He’s only been in office a few days, but President Obama has already triggered an earthquake under the global car industry.
His green light for new fuel economy rules was expected. Obama has ordered the Transportation Department to come up with new guidelines by this March.
These will probably demand that the average 2016 model-year car sold in the US is good for nearly 40 (imperial) mpg. Demanding, perhaps, but not onerous.
However, the real shock is his decision to allow the Environmental Protection Agency to consider California’s request to set its own fuel economy standards.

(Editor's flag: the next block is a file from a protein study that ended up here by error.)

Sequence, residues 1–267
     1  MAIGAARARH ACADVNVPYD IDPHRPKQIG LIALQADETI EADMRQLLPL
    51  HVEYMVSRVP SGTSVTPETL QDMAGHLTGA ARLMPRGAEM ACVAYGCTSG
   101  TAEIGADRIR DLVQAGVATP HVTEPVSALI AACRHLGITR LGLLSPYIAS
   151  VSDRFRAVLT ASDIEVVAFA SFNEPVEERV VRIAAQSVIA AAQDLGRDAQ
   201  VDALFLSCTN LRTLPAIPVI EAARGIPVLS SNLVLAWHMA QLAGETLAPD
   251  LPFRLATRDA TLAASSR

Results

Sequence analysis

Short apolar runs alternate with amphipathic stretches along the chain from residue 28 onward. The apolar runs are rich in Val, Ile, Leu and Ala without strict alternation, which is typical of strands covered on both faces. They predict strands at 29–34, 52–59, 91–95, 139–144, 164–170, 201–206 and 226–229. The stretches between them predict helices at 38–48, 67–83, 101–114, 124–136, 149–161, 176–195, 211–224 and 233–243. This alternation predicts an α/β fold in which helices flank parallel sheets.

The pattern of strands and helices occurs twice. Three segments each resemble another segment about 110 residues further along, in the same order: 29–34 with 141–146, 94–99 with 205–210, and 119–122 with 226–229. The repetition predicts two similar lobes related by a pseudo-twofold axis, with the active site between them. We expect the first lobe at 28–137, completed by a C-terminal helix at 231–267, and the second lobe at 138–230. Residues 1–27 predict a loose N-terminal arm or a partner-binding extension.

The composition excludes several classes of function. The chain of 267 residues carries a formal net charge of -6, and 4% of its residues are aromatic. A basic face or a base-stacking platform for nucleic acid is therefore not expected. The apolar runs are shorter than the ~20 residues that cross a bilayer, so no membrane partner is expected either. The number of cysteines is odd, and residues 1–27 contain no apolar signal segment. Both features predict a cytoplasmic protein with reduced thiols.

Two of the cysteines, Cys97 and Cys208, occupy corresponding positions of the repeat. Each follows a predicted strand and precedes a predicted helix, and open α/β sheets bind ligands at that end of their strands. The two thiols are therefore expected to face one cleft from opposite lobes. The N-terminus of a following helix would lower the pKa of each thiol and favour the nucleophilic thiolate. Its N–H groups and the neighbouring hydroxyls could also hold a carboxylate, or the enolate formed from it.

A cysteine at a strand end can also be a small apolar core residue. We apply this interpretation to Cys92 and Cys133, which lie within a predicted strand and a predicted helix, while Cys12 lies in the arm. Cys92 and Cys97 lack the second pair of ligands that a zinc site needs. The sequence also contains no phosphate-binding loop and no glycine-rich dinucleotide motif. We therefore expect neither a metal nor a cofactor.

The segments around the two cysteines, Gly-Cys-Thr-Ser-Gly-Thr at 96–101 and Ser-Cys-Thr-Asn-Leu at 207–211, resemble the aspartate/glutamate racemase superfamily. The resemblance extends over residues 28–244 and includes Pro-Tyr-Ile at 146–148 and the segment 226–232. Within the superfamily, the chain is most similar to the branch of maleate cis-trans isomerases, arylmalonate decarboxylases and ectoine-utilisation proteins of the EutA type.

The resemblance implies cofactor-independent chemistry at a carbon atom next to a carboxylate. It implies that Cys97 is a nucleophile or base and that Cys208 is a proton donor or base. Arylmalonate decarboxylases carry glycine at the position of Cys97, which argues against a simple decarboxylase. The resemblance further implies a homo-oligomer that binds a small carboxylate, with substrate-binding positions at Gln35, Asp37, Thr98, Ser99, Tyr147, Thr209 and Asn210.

California has long led the world in demanding cleaner engines. Over 40 years ago, it established the Clean Air Act, which forced car makers selling in the state to produce engines that emitted progressively lower levels of the pollutants that contribute to health-damaging smog.
Indeed, California effectively banned diesel engines in 1990 and today all the buses in LA run on clean-burning compressed natural gas.
However, because CO2 emissions do not directly affect human health, the gas was not considered under the Clean Air Act. In 2003, however, California wanted to change this, and bring CO2 emissions under the remit of the Clean Air Act. The US government prevented the move.